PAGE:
Wednesday, November 15, 2006

Preferential Flow and Phosphorus Translocation in West Virginia Benchmark Soils.

Michael B. Harman1, James Thompson2, and Eugenia Pena-Yewtukhiw1. (1) West Virginia Univ, Division of Plant and Soil Sciences, PO Box 6108, Morgantown, WV 26506-6108, (2) West Virginia Univ., West Virginia University, PO Box 6108, Morgantown, WV 26506-6108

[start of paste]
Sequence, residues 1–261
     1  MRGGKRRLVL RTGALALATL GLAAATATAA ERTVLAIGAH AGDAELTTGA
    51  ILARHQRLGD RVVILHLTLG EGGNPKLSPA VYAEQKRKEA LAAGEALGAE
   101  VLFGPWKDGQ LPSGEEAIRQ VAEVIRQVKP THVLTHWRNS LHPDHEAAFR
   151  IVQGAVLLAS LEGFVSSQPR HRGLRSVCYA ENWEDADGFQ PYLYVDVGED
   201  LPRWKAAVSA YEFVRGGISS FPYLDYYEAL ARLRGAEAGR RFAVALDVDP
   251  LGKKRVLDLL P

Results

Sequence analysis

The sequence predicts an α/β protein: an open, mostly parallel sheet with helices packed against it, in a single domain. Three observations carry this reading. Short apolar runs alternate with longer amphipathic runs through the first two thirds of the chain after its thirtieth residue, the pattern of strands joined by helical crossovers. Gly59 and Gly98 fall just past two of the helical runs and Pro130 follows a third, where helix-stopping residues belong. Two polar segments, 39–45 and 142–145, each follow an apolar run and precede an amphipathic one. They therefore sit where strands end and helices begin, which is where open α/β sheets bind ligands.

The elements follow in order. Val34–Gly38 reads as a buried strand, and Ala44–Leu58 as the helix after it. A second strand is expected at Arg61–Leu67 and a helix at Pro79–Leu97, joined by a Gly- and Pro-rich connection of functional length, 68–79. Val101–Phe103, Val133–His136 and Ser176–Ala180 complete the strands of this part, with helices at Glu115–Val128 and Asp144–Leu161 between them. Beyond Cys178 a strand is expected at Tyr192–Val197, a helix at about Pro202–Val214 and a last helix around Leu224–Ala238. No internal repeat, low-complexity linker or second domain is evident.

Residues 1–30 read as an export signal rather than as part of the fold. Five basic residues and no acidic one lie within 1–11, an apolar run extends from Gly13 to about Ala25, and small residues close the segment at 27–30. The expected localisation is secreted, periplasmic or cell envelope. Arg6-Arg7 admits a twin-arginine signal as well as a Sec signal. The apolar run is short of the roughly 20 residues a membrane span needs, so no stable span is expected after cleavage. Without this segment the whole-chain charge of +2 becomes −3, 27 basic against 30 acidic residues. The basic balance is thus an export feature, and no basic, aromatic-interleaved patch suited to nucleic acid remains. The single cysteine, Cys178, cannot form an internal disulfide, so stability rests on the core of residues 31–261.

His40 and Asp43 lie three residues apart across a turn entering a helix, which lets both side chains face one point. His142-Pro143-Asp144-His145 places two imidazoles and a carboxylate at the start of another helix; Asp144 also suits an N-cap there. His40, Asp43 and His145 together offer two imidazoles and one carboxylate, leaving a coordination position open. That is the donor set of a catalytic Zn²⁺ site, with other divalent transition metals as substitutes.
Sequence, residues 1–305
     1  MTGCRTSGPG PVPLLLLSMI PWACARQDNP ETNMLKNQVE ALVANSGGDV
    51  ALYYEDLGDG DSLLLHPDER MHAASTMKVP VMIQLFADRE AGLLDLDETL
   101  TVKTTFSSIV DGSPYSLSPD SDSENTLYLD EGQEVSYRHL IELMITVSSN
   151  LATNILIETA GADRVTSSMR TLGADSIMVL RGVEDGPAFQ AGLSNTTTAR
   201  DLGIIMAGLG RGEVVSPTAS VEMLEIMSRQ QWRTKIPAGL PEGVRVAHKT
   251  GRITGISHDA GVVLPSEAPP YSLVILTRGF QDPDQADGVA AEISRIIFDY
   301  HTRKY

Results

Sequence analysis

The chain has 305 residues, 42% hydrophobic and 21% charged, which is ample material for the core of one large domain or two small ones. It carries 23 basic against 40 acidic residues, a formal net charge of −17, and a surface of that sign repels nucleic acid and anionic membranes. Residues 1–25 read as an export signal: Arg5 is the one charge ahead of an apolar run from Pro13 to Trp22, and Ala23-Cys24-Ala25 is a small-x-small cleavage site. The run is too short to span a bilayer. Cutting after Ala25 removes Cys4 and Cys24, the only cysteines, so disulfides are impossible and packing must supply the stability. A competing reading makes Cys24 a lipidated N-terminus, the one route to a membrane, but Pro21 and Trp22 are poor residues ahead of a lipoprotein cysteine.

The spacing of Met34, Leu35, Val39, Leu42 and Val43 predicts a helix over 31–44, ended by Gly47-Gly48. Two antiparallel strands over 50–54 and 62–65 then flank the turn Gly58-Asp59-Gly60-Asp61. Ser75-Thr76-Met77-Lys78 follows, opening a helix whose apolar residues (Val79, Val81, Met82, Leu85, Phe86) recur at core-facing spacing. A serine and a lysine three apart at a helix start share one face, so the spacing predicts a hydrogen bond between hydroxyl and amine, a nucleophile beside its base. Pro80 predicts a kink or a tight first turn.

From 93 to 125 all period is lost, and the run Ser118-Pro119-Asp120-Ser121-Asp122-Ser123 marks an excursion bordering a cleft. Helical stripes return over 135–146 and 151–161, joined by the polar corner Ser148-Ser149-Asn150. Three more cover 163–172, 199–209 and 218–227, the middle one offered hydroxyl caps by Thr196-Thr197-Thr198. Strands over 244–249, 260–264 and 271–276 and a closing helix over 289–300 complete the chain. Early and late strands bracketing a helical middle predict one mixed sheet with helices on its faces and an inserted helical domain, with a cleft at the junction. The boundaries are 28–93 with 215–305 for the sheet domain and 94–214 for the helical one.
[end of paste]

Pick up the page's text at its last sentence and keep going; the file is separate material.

The accumulation of phosphorus in some agricultural soils is an emerging problem, which can be more prominent in certain geographic regions associated with food animal agriculture production and on certain soil types.  In West Virginia, poultry litter, which is high in P (relative to N), is disproportionately produced in the Eastern Panhandle region of the state.  In this region, animal waste is often applied to the land using N-based nutrient management plans, which over time can lead to elevated soil test P levels.  Phosphorus movement in these soils could pose a risk to the environment if preferential flow is occurring and P is leaching or moving through the soil profile attached to colloids.  The objectives of this study are (i) to asses the occurrence of preferential flow within selected benchmark soil series, and (ii) to quantify the distribution of P through the soil profile.  In West Virginia, Grant, Hardy, and Pendleton counties have among the largest food animal agriculture production. Within these three counties, we will select benchmark soil series most commonly associated with hay and pasture land-covers and use this information to identify study sites with a history of land application of animal wastes.  Preferential flow potential will be determined by dye applications and excavation to evaluate the infiltration patterns.  Soil samples will be collected from each soil horizon of the exposed profiles in the stained and unstained soil matrix of each dye application, and from soil cores from the area surrounding the study sites.  Soil P levels will be assessed by Mehlich 1 extractions.  Our hypothesis is that (i) some degree of preferential flow will be identifiable within these series, and (ii) the highly adsorptive nature of the soil-phosphorus relationship will limit any translocation of phosphorus into subsurface horizons.